N.J. workers are unionizing at one of the fastest rates in the nation, new report says

Published: May. 07, 2022

The Garden State has seen a resurgence of labor organizing in the service industry over the past two years, according to a new report from Rutgers University.

Researchers at Rutgers’ Labor Education Action Research Network (LEARN) analyzed federal data for 2019 through 2021 and found that unionization in New Jersey is outperforming 44 other states across the nation, according to a statement released earlier in the week.

Public sector unions wield significant political power in the Garden State. But boosting union membership in the private sector has been a challenge in the U.S. for decades, according to the report, The State of Labor in New Jersey.

Recent organizing victories by Starbucks workers in Hopewell, Hamilton and Summit, however, “offer glimmers of hope for the labor movement,” the university said.

The Garden State has always had a high unionization rate among teachers, police officers, firefighters and construction workers, said LEARN Director Todd Vachon, an Assistant Professor in the Rutgers School of Management and Labor Relations.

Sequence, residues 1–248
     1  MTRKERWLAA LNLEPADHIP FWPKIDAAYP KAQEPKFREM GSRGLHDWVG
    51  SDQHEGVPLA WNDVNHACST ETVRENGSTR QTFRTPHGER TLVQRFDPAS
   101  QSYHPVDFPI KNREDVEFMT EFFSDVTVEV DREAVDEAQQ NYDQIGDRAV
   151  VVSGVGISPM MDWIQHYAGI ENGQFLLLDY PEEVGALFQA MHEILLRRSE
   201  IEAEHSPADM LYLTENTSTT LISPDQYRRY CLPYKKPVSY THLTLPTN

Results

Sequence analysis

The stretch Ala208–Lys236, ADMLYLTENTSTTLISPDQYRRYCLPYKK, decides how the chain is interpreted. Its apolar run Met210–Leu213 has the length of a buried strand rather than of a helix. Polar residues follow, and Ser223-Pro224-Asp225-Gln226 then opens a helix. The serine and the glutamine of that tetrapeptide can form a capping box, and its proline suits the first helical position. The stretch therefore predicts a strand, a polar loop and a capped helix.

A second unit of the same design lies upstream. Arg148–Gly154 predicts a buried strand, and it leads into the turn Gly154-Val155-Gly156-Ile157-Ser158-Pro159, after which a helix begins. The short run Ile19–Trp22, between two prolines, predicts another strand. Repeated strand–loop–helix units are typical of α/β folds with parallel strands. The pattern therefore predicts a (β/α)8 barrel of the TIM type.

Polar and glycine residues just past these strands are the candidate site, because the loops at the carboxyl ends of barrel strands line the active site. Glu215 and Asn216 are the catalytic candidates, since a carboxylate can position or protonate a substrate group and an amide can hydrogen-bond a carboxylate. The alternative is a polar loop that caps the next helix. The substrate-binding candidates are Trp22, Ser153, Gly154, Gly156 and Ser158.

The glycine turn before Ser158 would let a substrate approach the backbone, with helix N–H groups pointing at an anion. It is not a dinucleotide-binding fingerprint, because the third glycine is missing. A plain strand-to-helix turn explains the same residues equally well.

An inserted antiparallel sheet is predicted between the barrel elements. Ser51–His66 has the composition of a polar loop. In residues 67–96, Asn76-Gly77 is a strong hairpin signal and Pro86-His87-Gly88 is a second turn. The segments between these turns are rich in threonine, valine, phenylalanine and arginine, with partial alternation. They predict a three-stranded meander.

“That hasn’t changed,” Vachon said in a statement. “But after the pandemic and two years of worker unrest, we’re seeing a resurgence in labor organizing in the service industry, with younger workers at the forefront.”

Researchers found that the overall unionization rate in New Jersey increased nearly 1% to a three-year average of 16.09%, more than five points higher than the national average.

The Garden State ranked sixth among states in union density, trailing only Hawaii, New York, Washington, Oregon and Minnesota. South Carolina was last in the rankings.

Unionization in the private sector remained low at 8.3%, but that was higher than the national average, and blue-collar jobs were the most highly unionized in the sector.

The overall unionization rate among Black workers was 20.84%, nearly double the national average and higher than all other demographic groups.

Researchers also found that union members earned 21% more than non-union workers during the pandemic, based on their analysis of earnings data. Full-time workers earned 10% more on average, while part-time workers earned 53% higher wages.

“Unions still deliver the goods in terms of higher wages and better working conditions,” Vachon said. “The research shows that women, people of color, and younger workers see the biggest rise in wages with a union contract. The ongoing labor shortage gives them even more leverage to make demand

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published this page in News and Politics 2022-05-08 02:58:49 -0700